Winter is hard on your cat’s skin, but it doesn’t have to be. If your cat is suffering from seasonal dry skin, let’s talk about how you can help.
Dry Skin Signs in Cats
Unless your cat is scratching/grooming their skin excessively, creating wounds that can become infected, their dry skin is simply a cosmetic issue. In most cases, dry skin results in dandruff or “flakes” nestled in a cat’s fur. You may notice flakes on your furniture or even on yourself after a petting session.
The colder and drier the air is where you live, the more likely your cat is to suffer skin issues, particularly in winter time. Cats with existing health concerns are also more likely to deal with skin issues as well.
Alleviating Your Cat’s Dry Winter Skin:
Brush More: Brushing your cat’s fur with a smoothing brush on a daily basis helps distribute their skin’s natural oils. Using a comb also helps and, bonus, removes loose fur that would otherwise end up on your couch! And in case you were considering it? Skip the bath.
Diet & Supplements: If dry skin is a persistent issue, it may be time to talk to your vet about a diet change. Foods and supplements high in Omega-3 fatty acids can help keep your cat’s skin supple. Ask about food, chewables, and even oil droppers for dry food.
Get a Humidifier: Do you know how dry your home’s air is? Most modern thermostats monitor humidity, too; if yours is below around 50%, consider getting a few inexpensive humidifiers for the rooms where your cat spends the most time. Their skin – and yours! – will thank you.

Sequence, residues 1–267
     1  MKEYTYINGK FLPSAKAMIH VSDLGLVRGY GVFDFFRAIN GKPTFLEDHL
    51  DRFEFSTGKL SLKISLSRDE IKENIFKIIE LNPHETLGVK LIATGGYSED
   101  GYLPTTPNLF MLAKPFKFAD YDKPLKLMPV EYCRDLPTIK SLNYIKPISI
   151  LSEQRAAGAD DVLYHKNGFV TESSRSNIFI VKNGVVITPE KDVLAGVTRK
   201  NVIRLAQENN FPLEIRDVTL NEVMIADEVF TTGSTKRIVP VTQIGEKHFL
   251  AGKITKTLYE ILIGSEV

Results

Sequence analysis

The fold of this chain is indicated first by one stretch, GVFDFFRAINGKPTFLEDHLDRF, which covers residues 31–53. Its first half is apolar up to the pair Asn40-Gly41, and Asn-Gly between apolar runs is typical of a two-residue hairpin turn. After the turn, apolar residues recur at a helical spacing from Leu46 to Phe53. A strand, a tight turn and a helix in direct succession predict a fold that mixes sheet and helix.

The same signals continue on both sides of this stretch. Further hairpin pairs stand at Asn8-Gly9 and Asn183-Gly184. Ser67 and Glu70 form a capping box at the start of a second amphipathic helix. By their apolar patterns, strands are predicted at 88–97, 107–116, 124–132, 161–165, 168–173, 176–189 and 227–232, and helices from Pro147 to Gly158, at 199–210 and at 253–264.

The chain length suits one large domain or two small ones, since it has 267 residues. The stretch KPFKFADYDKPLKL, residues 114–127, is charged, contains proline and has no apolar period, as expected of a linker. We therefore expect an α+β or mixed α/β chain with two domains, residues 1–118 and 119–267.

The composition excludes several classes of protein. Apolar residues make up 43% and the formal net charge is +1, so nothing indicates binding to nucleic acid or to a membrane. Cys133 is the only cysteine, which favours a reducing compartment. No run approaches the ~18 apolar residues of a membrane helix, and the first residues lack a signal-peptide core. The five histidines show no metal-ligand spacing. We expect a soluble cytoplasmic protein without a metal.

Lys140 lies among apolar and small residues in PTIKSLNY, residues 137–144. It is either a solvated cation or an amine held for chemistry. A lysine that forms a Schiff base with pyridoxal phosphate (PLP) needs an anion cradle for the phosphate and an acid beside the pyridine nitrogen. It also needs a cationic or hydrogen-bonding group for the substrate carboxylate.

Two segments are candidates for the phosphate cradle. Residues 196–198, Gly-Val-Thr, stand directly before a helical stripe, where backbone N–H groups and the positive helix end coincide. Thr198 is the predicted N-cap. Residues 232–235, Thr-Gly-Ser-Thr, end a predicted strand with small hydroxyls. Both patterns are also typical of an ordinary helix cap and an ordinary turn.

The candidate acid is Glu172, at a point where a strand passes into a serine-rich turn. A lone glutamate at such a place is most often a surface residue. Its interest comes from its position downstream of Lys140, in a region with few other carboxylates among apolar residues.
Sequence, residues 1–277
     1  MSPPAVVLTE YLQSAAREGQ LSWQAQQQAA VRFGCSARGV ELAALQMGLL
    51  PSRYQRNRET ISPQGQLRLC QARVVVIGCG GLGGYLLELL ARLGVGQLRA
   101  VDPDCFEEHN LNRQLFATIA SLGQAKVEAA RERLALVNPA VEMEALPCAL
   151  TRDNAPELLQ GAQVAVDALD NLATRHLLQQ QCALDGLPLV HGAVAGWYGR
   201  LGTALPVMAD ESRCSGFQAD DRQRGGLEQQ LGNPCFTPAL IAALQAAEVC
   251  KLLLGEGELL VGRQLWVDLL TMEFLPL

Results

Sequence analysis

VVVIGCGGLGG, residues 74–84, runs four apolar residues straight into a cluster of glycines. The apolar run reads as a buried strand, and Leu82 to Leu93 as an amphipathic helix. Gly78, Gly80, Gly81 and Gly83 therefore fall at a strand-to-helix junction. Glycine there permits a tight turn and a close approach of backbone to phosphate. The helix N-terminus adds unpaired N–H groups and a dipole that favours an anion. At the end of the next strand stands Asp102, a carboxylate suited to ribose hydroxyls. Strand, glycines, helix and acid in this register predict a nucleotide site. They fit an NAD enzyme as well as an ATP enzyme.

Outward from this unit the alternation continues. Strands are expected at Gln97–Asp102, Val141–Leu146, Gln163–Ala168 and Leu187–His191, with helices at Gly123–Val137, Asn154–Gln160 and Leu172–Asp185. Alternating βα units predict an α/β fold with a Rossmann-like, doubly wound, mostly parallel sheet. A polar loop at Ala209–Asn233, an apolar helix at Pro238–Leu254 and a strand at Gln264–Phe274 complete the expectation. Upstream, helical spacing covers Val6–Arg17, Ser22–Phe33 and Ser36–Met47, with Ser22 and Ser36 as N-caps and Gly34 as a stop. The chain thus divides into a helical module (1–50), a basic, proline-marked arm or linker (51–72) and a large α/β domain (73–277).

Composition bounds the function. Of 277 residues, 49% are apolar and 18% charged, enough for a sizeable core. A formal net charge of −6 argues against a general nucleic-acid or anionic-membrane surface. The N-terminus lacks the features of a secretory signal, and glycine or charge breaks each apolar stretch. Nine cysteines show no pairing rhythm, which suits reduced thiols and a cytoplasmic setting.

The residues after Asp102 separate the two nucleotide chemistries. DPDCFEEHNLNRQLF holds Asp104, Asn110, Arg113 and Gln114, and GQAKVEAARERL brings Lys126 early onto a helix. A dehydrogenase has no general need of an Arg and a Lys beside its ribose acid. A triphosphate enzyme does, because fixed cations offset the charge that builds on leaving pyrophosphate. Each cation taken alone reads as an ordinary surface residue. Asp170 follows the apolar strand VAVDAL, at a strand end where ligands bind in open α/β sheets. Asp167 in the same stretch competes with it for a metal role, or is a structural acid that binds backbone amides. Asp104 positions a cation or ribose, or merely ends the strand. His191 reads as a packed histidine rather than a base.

Extra Water: Is your cat actually dehydrated? You might be surprised. Encourage your cat to drink more water and consider switching to wet food from dry. If you’re concerned about your cat’s overall hydration levels, make an appointment with your vet.
Weight Loss: If your cat’s dry skin is concentrated to specific parts of their body, namely their back, they may actually be too overweight to groom that spot properly which causes matting and dandruff. Let that be a motivation to help your cat achieve a healthy weight.
Should You See the Vet?
Dry skin isn’t usually anything to stress about unless it’s severe, or unless it’s causing other issues like open sores or painful lesions. In general, dryness is seasonal and will probably correct itself when the temperature heats back up.
If you sense your cat is uncomfortable or you haven’t had luck with any of the suggestions above, it’s probably time to reach out your vet. In rare cases, dry skin can be a symptom of ongoing issues with your cat’s thyroid or another more serious health concern.